There are traces of blood on the disco ball, but this time, the blood is not our own. Songs of protest can be cheesy cornball numbers or play into exhausted victim narratives. Songs of protest can also defy any expectations of what a protest song can mean as is the case in Blood Orange's tribute to Sandra Bland. Songs of protest can slay.
Alex Anwandter- our Prince of Pop- is back. With a vengeance. Alex Anwandter is going after the totality of power (explicitly and flagrantly), calling for the total destruction of our present reality. Alex is not having it with the tyranny of work. He’s over the Church condemning him to hell or the $tate pathologizing his queerness. But in this epoch, it doesn't suffice to merely signal at the sources of our miserable subjugation. Alex wants to set something on fire. The religious and the political establishment seem like obvious targets on this fervent yet elegant (luxuriate in that string section) dance floor: “Si quiero prenderle fuego a algo / que sea la iglesia y el congreso.” The fact that “Siempre Es Viernes En Mi Corazón” is a collaboration with Ale Sergi and Juliana Gattas (of Miranda!) is a bittersweet nostalgia (2004 puberty, coming to terms with queerness, discovering that radio pop could sound 'weird').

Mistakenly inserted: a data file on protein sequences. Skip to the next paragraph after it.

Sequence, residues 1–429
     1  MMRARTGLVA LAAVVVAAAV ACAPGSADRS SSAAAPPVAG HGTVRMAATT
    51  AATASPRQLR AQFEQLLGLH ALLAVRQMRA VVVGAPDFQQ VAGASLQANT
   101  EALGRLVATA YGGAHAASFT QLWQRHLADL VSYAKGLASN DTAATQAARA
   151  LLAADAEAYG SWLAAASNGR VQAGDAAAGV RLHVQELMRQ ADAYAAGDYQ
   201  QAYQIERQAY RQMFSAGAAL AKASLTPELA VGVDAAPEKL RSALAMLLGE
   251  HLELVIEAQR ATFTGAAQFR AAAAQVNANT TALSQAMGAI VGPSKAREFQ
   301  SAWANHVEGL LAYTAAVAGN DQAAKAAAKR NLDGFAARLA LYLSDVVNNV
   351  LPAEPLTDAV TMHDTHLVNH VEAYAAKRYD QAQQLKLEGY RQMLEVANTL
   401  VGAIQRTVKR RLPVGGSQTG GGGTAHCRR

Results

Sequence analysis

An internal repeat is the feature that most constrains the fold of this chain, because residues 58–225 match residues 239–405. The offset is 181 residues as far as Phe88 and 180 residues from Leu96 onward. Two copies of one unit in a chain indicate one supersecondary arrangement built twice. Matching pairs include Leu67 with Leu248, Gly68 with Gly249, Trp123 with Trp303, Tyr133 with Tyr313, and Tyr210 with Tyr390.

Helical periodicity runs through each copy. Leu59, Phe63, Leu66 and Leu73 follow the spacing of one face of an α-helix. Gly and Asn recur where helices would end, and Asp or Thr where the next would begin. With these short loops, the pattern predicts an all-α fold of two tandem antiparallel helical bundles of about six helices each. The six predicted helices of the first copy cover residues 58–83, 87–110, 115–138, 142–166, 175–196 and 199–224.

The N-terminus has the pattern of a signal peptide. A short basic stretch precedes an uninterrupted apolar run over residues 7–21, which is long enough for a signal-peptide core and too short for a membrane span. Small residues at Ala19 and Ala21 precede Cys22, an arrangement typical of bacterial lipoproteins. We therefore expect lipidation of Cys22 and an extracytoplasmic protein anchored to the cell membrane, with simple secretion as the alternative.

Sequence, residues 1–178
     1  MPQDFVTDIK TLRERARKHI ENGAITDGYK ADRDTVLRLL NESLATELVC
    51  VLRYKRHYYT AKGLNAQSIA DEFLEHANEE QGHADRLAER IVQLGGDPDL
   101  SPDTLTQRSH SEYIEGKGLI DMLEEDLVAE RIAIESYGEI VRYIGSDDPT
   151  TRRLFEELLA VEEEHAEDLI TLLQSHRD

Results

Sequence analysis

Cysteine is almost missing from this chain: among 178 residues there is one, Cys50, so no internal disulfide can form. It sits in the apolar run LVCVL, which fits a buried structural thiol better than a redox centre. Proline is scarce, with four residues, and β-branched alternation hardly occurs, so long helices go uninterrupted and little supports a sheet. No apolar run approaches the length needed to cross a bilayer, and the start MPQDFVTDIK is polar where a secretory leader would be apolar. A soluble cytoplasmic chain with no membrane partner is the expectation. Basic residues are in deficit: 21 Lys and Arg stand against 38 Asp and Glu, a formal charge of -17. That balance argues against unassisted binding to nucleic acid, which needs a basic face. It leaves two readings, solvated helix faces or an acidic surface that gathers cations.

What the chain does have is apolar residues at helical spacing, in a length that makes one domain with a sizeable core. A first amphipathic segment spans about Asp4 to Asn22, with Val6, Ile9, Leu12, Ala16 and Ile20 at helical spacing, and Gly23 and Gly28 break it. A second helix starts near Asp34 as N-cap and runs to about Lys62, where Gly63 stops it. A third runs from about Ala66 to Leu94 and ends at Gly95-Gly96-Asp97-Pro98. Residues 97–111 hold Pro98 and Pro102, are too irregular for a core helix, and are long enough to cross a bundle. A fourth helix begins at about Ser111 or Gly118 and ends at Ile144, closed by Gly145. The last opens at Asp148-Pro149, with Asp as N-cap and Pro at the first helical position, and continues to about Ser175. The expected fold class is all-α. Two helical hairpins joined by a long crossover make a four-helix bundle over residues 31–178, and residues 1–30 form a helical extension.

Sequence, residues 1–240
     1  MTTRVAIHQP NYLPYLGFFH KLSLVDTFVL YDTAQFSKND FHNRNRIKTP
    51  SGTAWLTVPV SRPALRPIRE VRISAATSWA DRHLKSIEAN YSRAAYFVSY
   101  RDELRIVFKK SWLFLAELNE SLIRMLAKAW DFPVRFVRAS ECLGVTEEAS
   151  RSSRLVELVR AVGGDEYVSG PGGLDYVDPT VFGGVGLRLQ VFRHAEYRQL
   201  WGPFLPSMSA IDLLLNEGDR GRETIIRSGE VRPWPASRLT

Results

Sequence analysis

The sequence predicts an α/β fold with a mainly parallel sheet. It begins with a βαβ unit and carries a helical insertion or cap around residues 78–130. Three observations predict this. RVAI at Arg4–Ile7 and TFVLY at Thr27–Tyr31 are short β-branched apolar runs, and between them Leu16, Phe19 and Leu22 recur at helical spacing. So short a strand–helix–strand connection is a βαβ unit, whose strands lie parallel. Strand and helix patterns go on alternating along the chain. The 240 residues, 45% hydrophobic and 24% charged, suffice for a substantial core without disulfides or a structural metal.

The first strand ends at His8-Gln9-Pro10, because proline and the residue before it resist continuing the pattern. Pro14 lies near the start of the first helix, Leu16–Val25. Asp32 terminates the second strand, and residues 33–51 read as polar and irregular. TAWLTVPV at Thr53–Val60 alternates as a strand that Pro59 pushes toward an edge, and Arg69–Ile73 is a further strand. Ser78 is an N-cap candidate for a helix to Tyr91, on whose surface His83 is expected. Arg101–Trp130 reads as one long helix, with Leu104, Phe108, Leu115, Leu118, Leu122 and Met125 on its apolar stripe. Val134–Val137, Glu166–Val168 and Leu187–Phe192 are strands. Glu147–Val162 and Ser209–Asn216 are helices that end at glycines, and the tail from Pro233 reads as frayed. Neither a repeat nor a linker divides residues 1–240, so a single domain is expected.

The first taste of Amiga (due April 8) is disco house retribution, evocative of a militancy unseen since the 1970s when disco and liberation movements (Black, Brown, queer, trans) coalesced. If "¿Cómo Puedes Vivir Contigo Mismo?" was a tribute to Paris Is Burning (admittedly a whitewashed film that attempted to showcase Black & Brown ball culture in NYC), "Siempre Es Viernes En Mi Corazón" channels the energy that catalyzed the Stonewall Riots. “Siempre Es Viernes En Mi Corazón” is seductive and seditious- a quintessential record for the ongoing #PopInsurrection. It is an ode to our eternal mutiny in the discotheque and in the streets.